Having been peppered by a sudden hailstorm this morning, I’m glad I can flee once more into the warmer arms of Spain. Or perhaps I should say Catalonia, because today we’ll be in Barcelona, guided by Teresa, who sent me her favourite sight, sound, scent and taste in Catalan, which looks like Spanish on paper, but certainly sounds different.
Before I started writing, I dipped my mind briefly into the font of wisdom that is Wikipedia and made some intriguing discoveries about the languages of Spain. For instance, what most people call “Spanish” is actually “Castilian”, which is one of around 15 co-official, recognised and unofficial languages and dialects spoken in Spain. Their names are so poetic that I can’t resist listing them here: Catalan, Valencian, Basque, Galician, Aranese, Aragonese, Leonese, Asturian, Cantabrian, Extremaduran, Eonavian, Fala, Riffian Berber, Caló, and last but certainly not least, Silbo Gomero, a whistling language “spoken” on the island of La Gomera, which was saved from the brink of extinction by teaching it at schools.
All of which brings me back to Teresa and my attempt to learn from her wonderful descriptions of Barcelona in Catalonian, which seems to have more X-es than my wife. (Just kidding, darling.)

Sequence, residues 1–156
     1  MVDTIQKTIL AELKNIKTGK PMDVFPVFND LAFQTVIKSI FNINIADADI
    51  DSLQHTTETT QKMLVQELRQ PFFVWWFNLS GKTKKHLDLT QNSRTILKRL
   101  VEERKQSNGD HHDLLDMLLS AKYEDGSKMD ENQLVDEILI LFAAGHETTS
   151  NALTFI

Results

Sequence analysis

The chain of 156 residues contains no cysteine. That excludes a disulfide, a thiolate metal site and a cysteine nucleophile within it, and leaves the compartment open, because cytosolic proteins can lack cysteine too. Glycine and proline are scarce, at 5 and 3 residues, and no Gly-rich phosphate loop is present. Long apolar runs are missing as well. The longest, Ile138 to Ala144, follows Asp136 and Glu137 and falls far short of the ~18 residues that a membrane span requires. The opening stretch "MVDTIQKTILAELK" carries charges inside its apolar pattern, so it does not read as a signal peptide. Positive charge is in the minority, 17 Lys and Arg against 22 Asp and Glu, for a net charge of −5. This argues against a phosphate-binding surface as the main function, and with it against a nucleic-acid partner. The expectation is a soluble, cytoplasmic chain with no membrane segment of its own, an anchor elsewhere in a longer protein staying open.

Sight: “Hi ha vàries: sempre des d´un lloc elevat. Per exemple des de dalt la Sagrada Família, des del Parc Güell, des del Tibidavo i també des d´un edifici alt com l´hotel Arts. De tots aquests llocs s´obté una vista impresionant de Barcelona.” – I think Teresa likes to see the sights from a higher elevation (“lloc elevat”). For instance, from the Sagrada Família cathedral at Parc Güell (both designed by master architect Gaudí) or from mount Tibidavo, which offer impressive vistas (“vista impresionant”) of Barcelona.
Sound: “Un dels meus sorolls preferits a Barcelona es dóna normalment al cap de setmana, on el volum de cotxes circulant baixa molt i pots gaudir d´un xic de silenci i escoltar de tant en tant algun ocell cantant.” – I love the rhyme and rhythm at the end of this description, which I think refers to the sound of traffic building up in the early morning. The singing of wheels interspersed with the silence of waiting cars at traffic lights.
Scent: “L´olor preferida seria un dia de pluja i que olores a humitat, a plantes, a flors … això combinat amb una olor a mar (salat), és molt especial pel nas.” – Could Teresa be referring to the scent of plants and flowers moistened by rain on a hot day, in combination with the salty scent of the sea?
Taste: “El sabor, sense dubte és el del menjar: hi ha una bona cuina com sardines, gambes, arrossos, etc. No oblidem les verdures i les fruites que també són molt bones, segons l´època.” – I think Teresa is referring to the taste of menjar, which could be like paella, containing sardines, shrimp, rice and more. And we should not forget the accompanying vegetables and fruit, of course.
And on that happy and healthy note, we take leave of Barcelona. Please feel free to correct any errors in my translations and to post your own favourites below. Meanwhile, I’ll be out in the cold, trying to remember to shake the hail out of my hoodie before I pull it up over my head …